Beat me to it Jor-El! I was gonna ask a similar question from my agnostic view point. How are y'all certain the way you're interpreting a verse is the correct way?


#50    Bluefinger

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Posted 15 January 2013 - 09:19 PM

View PostJor-el, on 15 January 2013 - 08:49 PM, said:

Hi Bluefinger,

I've been reading your posts and I find it very difficult to get an idea of what is behind them. I have a really different outlook in regards to all the questions you planned on talking about, but I won't get into that here because that will foul up the thread badly. What I would appreciate is to give your specific stance in regards to the interpretation you are putting forward.

For example are you a Preterist, a Historicist, a Futurist or a Dispensionalist?

Are you a  Premillennialist, Postmillennialist or Amillennialist?

Posted Image




Posted Image




There are many nuances and positions within Christian Eschatology. Each one influences the way verses are read and how they are interpreted in light of what other verses say.

Since I classify myself as a Pre-Tribulational Dispensationalist, I'm wondering how you would classify your particular view?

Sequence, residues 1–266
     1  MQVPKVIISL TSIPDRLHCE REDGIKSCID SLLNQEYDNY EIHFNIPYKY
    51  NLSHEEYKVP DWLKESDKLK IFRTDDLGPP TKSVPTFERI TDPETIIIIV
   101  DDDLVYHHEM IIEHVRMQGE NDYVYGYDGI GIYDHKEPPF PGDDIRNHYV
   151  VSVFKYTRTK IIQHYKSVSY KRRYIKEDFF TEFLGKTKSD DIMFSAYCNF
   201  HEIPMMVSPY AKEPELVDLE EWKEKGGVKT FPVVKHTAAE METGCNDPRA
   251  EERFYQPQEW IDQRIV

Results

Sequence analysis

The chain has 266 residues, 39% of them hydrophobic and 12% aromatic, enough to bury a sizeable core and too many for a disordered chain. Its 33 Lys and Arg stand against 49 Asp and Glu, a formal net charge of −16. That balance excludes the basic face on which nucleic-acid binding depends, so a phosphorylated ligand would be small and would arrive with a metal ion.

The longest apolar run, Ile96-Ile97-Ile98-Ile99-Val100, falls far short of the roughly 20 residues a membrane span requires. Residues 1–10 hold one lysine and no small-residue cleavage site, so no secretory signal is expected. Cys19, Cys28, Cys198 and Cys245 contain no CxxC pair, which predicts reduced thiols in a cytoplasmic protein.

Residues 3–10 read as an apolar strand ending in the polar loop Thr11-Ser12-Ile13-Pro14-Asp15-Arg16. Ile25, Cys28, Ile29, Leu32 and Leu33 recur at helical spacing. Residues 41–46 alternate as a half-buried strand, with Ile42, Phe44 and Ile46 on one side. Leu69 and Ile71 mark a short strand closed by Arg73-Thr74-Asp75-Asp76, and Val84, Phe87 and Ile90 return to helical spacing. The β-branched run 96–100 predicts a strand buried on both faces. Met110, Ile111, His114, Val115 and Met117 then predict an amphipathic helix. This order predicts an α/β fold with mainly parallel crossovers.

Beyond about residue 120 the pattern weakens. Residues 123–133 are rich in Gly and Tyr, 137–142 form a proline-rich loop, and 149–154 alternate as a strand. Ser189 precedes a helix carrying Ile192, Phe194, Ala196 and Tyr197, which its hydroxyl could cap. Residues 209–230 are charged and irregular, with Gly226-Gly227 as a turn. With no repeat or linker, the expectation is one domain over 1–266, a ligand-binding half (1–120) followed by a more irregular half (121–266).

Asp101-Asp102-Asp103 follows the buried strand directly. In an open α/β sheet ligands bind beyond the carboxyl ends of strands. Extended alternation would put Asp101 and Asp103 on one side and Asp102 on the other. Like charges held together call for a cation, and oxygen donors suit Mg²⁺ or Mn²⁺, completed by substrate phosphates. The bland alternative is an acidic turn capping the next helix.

Hi Jor-el, thanks for responding.  I don't hold any eschatological format because I disagree with them all.  

If anything, I'm closest to a historicist dispensationalist, meaning I believe that eschatology first came to the Jews when John the Baptist announced that the kingdom of God had come.  That eschatology lasted until Jerusalem was destroyed and the kingdom of God was taken from the Jews and given to the Gentiles (Matt. 21:42-45, Matt. 22:1-14.)  

That sparked the Times of the Gentiles.  Our eschatology comes when the Fullness of the Gentiles has been reached (Romans 11:25), by which the return of Jesus will be centered on Jerusalem.